Visitor attachment to dolphins during an interaction programme, are there implications to dolphin behavior?

Zoo Biology
Thomas Welsh, Samantha Ward

Abstract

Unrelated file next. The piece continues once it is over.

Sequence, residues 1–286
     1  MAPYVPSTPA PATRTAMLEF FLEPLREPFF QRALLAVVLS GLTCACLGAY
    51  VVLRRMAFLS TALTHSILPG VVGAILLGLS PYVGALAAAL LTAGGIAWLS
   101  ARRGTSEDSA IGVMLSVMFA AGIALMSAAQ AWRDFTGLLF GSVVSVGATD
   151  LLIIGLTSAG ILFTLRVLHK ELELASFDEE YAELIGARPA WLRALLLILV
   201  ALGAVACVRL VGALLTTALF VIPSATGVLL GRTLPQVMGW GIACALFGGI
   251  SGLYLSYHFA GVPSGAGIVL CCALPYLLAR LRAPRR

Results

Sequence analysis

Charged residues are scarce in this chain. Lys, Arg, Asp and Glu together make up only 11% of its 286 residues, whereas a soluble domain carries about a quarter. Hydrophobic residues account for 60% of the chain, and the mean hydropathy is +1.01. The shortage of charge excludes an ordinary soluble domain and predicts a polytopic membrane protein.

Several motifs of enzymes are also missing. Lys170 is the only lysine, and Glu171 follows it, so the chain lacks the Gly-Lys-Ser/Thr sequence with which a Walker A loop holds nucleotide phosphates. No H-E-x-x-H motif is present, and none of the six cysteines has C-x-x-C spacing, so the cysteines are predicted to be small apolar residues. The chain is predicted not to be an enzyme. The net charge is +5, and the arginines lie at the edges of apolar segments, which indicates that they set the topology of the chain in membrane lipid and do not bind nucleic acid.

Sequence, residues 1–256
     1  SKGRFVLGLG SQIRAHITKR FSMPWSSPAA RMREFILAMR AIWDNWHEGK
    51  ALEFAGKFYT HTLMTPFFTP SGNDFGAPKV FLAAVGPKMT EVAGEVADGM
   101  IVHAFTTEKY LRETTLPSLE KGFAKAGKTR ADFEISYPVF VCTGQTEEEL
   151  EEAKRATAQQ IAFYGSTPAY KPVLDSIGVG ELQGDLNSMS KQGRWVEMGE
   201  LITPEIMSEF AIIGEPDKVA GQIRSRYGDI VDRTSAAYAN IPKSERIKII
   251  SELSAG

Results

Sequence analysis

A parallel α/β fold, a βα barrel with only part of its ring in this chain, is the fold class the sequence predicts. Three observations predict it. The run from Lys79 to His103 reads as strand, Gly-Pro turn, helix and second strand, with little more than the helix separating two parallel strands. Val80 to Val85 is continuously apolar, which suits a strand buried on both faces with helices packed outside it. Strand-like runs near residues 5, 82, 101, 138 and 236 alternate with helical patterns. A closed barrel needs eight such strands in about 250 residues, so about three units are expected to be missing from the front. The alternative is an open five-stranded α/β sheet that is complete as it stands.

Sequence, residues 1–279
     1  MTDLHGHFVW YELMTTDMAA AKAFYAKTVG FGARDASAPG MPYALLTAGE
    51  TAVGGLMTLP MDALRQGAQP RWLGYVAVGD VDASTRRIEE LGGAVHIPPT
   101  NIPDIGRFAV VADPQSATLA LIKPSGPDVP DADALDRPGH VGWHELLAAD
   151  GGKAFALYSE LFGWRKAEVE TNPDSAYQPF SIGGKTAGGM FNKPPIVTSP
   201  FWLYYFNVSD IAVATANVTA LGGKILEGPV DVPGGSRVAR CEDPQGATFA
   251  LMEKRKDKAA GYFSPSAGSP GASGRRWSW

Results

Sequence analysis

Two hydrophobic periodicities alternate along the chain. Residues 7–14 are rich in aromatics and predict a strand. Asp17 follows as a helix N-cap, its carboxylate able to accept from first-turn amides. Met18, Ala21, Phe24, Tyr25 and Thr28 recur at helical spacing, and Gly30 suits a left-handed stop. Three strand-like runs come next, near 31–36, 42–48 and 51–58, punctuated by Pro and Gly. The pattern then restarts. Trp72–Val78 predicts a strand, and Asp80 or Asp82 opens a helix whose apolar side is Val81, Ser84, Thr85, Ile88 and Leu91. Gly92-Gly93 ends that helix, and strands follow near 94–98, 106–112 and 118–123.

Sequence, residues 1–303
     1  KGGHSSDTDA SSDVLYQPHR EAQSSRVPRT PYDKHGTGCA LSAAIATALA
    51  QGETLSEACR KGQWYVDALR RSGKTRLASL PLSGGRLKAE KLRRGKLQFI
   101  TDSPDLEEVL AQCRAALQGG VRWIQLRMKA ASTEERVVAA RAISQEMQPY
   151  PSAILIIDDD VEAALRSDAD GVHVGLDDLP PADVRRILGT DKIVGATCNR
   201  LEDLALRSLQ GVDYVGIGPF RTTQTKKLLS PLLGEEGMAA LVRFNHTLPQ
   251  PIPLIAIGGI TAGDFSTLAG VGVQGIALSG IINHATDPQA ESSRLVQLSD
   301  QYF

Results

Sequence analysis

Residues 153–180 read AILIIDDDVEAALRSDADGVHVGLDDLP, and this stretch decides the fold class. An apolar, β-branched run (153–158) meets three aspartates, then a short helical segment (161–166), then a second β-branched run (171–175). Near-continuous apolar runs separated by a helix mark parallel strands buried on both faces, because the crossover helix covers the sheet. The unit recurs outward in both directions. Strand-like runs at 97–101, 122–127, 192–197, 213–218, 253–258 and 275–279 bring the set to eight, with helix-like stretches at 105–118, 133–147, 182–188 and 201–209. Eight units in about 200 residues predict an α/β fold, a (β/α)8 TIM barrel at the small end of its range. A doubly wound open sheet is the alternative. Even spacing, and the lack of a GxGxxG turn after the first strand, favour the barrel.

Millions of people visit zoos and aquariums globally each year, with a smaller number choosing to participate in animal interaction programmes which allows visitors closer contact with individual animals. These are reportedly having mixed effects in increasing conservation-related behaviors. Human-animal interactions (HAIs) during these programmes are generally positive experiences for the human participants, however are there behavioral implications for the animals involved? The Bottlenose Dolphin (Tursiops truncatus) is the most widely used cetacean for dolphin interactions, known as "swim with dolphin" (SWD) programmes. This study investigated visitor attachment to the dolphins they interacted with, whilst assessing behavioral implications of the dolphins. A total of 41 visitors to a Spanish dolphinarium, who participated in a SWD were surveyed using a modified version of the Lexington Attachment to Pets Scale. Alongside this, 15-min continuous focal samples monitored three female dolphins (D1, D2, and D3) aged 22-40, split into pre (n = 96), during (n = 96) and post (n = 96) SWD. 80% of visitors reported a sense of attachment to the dolphin they interacted with. An exploratory factor analysis extracted three factors from th...Continue Reading

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